In 1998, my wife and I moved to Chapel Hill, North Carolina so that I could pursue an MBA degree at UNC. The amazing thing about getting an MBA from a top school is that it opens up so many doors for future careers. The downside, if you could call it that, is that it opens up so many doors and you have to pick which one to take!
Some people start business school, or any type of school for that matter, knowing what they want to do after graduation, but many do not. The choices you make about which direction to go with your career have a significant impact on your work-life balance after graduation. It’s no surprise then that during my first year of business school, a version of The Parable of the Mexican Fisherman and the Banker made it’s way around to all of the students.
It was good food for thought back then, for those of us in business school, who were trying to decide which path to take after graduation…
- The big money on Wall Street with the 100 hour work weeks
- The medium money with a management consulting firm, flying out of town for the week and home only on weekends
- The reasonable money in a corporate job, potentially offering more work-life balance
It’s good food for thought for anyone at a crossroads after graduation, or even mid-way through their career. So, without further ado, here is the parable.
The Parable of the Mexican Fisherman and the Banker (author unknown)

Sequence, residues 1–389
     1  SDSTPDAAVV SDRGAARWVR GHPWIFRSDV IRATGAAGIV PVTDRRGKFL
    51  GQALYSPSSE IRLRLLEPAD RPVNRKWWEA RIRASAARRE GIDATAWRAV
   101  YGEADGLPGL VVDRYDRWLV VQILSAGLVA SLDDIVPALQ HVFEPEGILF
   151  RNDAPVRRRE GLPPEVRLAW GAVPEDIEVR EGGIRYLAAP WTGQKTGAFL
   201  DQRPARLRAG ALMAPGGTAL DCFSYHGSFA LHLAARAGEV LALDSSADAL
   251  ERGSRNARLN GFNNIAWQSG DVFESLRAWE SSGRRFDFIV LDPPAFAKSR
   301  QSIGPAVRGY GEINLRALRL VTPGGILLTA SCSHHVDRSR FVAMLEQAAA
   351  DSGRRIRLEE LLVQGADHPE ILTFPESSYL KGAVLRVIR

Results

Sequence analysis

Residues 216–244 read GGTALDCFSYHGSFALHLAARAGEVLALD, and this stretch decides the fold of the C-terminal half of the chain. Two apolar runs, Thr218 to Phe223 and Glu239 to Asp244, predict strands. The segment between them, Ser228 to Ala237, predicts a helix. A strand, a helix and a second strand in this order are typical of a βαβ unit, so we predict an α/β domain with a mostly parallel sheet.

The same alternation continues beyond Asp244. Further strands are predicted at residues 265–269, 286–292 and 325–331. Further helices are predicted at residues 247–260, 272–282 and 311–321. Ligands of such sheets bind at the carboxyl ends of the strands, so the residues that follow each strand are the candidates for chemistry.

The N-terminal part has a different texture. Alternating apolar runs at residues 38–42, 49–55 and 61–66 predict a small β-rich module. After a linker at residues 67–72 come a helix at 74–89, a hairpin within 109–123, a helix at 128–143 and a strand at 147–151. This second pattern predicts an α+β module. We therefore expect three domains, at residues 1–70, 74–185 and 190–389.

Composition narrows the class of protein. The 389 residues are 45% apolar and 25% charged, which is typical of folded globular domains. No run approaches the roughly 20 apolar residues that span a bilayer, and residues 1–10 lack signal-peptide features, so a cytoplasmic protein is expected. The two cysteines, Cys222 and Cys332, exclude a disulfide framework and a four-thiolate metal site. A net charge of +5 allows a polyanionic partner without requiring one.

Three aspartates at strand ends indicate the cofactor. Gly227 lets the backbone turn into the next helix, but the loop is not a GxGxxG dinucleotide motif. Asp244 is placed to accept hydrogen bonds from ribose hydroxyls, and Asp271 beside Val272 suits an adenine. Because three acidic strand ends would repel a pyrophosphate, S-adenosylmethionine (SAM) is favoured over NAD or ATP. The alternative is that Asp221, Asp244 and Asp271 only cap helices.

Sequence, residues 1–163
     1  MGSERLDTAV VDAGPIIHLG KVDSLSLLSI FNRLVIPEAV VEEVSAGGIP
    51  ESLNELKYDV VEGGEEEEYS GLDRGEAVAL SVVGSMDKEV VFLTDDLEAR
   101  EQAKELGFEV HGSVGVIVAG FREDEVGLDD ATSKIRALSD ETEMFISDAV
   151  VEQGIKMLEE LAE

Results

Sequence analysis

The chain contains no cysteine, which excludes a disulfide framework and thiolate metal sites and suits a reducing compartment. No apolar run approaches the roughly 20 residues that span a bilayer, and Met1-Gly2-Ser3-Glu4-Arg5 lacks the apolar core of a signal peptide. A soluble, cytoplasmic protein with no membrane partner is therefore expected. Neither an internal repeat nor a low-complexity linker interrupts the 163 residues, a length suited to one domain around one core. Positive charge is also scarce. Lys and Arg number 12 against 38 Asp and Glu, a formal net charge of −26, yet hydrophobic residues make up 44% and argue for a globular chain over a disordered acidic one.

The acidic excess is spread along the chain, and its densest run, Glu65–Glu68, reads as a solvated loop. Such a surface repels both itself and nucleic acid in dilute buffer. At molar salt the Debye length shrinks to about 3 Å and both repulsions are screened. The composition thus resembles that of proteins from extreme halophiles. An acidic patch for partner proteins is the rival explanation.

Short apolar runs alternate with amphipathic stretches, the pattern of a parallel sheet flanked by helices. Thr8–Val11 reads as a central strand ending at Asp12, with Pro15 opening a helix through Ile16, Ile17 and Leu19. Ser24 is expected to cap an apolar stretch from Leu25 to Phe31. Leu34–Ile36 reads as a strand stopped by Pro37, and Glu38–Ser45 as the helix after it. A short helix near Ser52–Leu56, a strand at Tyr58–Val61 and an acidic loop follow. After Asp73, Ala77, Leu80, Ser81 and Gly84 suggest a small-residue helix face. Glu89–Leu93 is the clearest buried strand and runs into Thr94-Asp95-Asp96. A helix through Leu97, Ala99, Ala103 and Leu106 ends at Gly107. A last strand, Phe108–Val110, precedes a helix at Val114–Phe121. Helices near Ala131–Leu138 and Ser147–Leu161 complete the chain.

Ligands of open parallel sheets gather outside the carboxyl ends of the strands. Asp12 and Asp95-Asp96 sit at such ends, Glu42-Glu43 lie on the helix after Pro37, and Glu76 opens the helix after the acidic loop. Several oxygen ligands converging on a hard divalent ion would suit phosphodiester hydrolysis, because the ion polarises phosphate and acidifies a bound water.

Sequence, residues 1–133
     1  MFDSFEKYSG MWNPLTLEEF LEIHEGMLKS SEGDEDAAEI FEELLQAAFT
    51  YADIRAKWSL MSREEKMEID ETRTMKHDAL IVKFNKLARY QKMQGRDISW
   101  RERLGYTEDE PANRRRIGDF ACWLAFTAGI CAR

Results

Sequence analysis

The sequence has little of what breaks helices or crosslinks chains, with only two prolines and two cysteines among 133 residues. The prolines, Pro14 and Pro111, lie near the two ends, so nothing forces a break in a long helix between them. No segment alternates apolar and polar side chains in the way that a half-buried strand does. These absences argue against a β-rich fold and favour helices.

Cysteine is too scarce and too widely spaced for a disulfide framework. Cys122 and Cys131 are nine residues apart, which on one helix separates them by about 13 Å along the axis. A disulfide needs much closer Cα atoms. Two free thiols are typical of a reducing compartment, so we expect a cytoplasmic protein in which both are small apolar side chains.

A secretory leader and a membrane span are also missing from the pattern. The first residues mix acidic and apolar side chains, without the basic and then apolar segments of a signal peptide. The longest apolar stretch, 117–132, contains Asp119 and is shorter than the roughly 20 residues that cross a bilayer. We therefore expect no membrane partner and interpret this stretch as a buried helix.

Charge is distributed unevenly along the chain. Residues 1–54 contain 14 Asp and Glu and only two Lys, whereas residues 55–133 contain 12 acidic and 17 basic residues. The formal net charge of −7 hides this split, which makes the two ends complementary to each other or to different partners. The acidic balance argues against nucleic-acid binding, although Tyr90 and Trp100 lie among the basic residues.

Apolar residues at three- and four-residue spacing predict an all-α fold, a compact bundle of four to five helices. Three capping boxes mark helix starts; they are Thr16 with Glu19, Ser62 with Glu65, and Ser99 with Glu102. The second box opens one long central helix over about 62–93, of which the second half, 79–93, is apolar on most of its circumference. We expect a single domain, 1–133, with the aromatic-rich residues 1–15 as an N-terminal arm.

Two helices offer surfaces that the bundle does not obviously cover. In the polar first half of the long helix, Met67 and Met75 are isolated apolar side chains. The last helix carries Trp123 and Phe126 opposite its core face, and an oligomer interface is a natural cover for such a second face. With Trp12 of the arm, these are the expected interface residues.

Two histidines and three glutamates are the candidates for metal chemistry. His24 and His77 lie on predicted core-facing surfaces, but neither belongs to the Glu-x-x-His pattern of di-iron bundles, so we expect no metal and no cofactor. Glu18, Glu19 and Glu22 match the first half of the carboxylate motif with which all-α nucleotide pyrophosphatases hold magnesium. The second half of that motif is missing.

An American investment banker was taking a much-needed vacation in a small coastal Mexican village when a small boat with just one fisherman docked. The boat had several large, fresh fish in it.
The American investment banker was impressed by the quality of the fish and asked the Mexican fisherman how long it took to catch them.
The fisherman replied, “Only a little while.”
The banker then asked why he didn’t stay out longer and catch more fish?
The fisherman replied he had enough to support his family’s immediate needs.
The banker then asked, “But what do you do with the rest of your time?”
The fisherman replied, “I sleep late, fish a little, play with my children, take siesta with my wife, stroll into the village each evening where I sip wine and play guitar with my amigos: I have a full and busy life, señor.”
The investment banker scoffed, “I am an Ivy League MBA, and I could help you. You could spend more time fishing and with the proceeds buy a bigger boat, and with the proceeds from the bigger boat you could buy several boats until eventually, you would have a whole fleet of fishing boats. Instead of selling your catch to the middleman you could sell directly to the processor, eventually opening your own cannery. You could control the product, the processing, and the distribution.”
Then he added, “Of course, you would need to leave this small coastal fishing village and move to Mexico City where you would run your growing enterprise.”
The Mexican fisherman asked, “But señor, how long will this all take?”
To which the banker replied, “15-20 years.”
“But what then?” asked the fisherman.